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PostgreSQL : IN Condition

Tutorial by:      Date: 2016-04-19 04:21:57

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This PostgreSQL tutorial explains how to use the PostgreSQL IN condition with syntax and examples.

Description

The PostgreSQL IN condition is used to help reduce the need to use multiple OR conditions in a SELECT, INSERT, UPDATE, or DELETE statement.

Syntax

The syntax for the IN condition in PostgreSQL is:

expression IN (value1, value2, .... value_n);

Parameters or Arguments

expression

A value to test.

value1, value2..., or value_n

The values to test against expression.

Note

  • The PostgreSQL IN condition will return the records where expression is value1, value2..., or value_n.
  • The PostgreSQL IN condition is also called the PostgreSQL IN operator.

Example - With Character

Let's look at a PostgreSQL IN condition example using character values.

The following is a PostgreSQL SELECT statement that uses the IN condition to compare character values:

SELECT *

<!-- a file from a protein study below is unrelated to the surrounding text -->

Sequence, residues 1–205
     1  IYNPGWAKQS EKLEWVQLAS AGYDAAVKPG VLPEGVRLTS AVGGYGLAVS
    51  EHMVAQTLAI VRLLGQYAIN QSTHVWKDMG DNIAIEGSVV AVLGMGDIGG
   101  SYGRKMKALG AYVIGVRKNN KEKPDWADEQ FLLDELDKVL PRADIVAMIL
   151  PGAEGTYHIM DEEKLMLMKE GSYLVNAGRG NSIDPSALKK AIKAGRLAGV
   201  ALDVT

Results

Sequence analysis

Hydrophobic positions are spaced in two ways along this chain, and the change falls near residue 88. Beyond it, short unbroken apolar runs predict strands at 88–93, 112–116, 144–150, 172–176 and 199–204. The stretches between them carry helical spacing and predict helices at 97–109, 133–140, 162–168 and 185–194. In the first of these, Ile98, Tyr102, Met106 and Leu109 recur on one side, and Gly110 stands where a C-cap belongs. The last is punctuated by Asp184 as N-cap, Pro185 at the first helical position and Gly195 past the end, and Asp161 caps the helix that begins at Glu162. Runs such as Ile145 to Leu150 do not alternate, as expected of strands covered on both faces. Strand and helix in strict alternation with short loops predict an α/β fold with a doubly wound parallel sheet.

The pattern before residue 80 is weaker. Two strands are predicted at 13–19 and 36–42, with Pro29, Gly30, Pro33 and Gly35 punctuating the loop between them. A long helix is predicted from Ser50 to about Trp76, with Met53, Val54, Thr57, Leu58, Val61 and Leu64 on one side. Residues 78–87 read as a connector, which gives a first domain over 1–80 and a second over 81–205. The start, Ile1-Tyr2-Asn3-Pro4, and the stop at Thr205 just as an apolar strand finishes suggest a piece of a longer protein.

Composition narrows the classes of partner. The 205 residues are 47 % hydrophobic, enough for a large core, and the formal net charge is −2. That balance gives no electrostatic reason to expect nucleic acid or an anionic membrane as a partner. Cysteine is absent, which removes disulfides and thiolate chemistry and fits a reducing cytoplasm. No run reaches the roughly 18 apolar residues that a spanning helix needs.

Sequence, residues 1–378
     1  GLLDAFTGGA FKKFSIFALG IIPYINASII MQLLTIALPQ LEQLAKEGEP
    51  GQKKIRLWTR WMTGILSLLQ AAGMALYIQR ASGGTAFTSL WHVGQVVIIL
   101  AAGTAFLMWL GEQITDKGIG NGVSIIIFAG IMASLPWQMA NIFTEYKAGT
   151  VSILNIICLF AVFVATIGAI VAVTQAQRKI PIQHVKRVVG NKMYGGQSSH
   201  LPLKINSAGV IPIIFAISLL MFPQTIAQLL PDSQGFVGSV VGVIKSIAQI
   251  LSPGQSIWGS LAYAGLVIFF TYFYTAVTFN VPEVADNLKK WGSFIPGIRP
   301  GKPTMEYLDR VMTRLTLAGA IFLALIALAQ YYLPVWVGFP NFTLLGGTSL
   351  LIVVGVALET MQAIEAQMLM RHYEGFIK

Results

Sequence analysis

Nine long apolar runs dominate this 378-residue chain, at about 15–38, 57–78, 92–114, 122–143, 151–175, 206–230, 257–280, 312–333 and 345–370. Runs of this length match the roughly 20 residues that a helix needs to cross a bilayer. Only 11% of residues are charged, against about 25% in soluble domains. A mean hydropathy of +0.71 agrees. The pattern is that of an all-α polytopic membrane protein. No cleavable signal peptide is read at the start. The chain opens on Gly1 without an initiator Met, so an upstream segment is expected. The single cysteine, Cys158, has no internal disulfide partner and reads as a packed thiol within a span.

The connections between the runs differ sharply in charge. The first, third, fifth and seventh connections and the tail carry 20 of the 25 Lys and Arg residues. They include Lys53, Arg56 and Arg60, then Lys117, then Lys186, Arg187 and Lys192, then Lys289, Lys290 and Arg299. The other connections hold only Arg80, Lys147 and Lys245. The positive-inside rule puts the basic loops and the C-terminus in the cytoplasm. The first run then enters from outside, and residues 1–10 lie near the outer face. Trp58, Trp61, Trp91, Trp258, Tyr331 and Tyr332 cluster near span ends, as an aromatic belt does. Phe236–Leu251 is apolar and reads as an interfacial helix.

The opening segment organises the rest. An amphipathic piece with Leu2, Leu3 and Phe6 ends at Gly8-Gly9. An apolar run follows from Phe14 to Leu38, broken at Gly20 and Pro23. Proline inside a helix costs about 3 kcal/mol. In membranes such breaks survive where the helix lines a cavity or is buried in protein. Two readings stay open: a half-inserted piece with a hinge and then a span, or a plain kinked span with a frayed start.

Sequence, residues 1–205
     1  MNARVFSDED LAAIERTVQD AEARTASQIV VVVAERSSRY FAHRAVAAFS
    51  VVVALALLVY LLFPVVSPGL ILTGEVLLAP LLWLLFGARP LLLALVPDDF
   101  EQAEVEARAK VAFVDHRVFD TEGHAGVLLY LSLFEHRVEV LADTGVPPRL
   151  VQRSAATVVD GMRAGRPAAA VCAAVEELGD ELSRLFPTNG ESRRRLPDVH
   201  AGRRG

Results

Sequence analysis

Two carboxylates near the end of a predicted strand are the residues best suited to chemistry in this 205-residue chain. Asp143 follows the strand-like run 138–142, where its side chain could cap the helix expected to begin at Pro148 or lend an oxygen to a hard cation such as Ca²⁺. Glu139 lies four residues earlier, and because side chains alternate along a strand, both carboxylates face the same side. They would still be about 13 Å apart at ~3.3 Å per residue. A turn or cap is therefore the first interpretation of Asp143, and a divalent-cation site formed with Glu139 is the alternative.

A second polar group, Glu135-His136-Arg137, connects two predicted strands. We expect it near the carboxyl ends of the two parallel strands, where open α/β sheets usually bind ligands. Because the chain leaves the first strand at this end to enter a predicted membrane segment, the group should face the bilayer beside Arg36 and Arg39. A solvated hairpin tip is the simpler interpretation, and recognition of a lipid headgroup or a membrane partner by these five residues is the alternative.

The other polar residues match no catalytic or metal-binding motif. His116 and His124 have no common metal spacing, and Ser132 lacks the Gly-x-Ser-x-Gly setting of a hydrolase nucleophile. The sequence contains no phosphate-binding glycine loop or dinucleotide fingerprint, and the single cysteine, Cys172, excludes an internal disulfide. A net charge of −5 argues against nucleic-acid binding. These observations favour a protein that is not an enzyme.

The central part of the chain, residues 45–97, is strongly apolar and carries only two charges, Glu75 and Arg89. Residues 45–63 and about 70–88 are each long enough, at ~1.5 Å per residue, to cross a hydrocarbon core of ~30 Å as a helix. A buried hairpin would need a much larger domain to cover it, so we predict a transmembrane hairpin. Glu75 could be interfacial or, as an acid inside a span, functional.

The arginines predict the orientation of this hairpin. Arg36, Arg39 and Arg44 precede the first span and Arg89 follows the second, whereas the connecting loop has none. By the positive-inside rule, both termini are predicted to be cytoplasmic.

FROM suppliers

WHERE supplier_name IN ('Apple', 'Samsung', 'RIM');

This PostgreSQL IN condition example would return all rows from the suppliers table where the supplier_name is either 'Apple', 'Samsung' or 'Asus'. Because the * is used in the SELECT, all fields from the suppliers table would appear in the result set.

The above IN example is equivalent to the following SELECT statement:

SELECT *

FROM suppliers

WHERE supplier_name = 'Apple'

OR supplier_name = 'Samsung'

OR supplier_name = 'RIM';

As you can see, using the PostgreSQL IN condition makes the statement easier to read and more efficient.

Example - With Numeric

Next, let's look at a PostgreSQL IN condition example using numeric values.

For example:

SELECT *

FROM employees

WHERE employee_id IN (300, 301, 500, 501);

This PostgreSQL IN condition example would return all employees where the employee_id is either 300, 301, 500, or 501.

The above IN example is equivalent to the following SELECT statement:

SELECT *

FROM employees

WHERE employee_id = 300

OR employee_id = 301

OR employee_id = 500

OR employee_id = 501;

Example - Using NOT operator

Finally, let's look at an IN condition example using the NOT operator.

For example:

SELECT *

FROM suppliers

WHERE supplier_name NOT IN ('Apple', 'Samsung', 'RIM');

This PostgreSQL IN condition example would return all rows from the suppliers table where the supplier_name is not 'Apple', 'Samsung', or 'RIM'. Sometimes, it is more efficient to list the values that you do not want, as opposed to the values that you do want.

 

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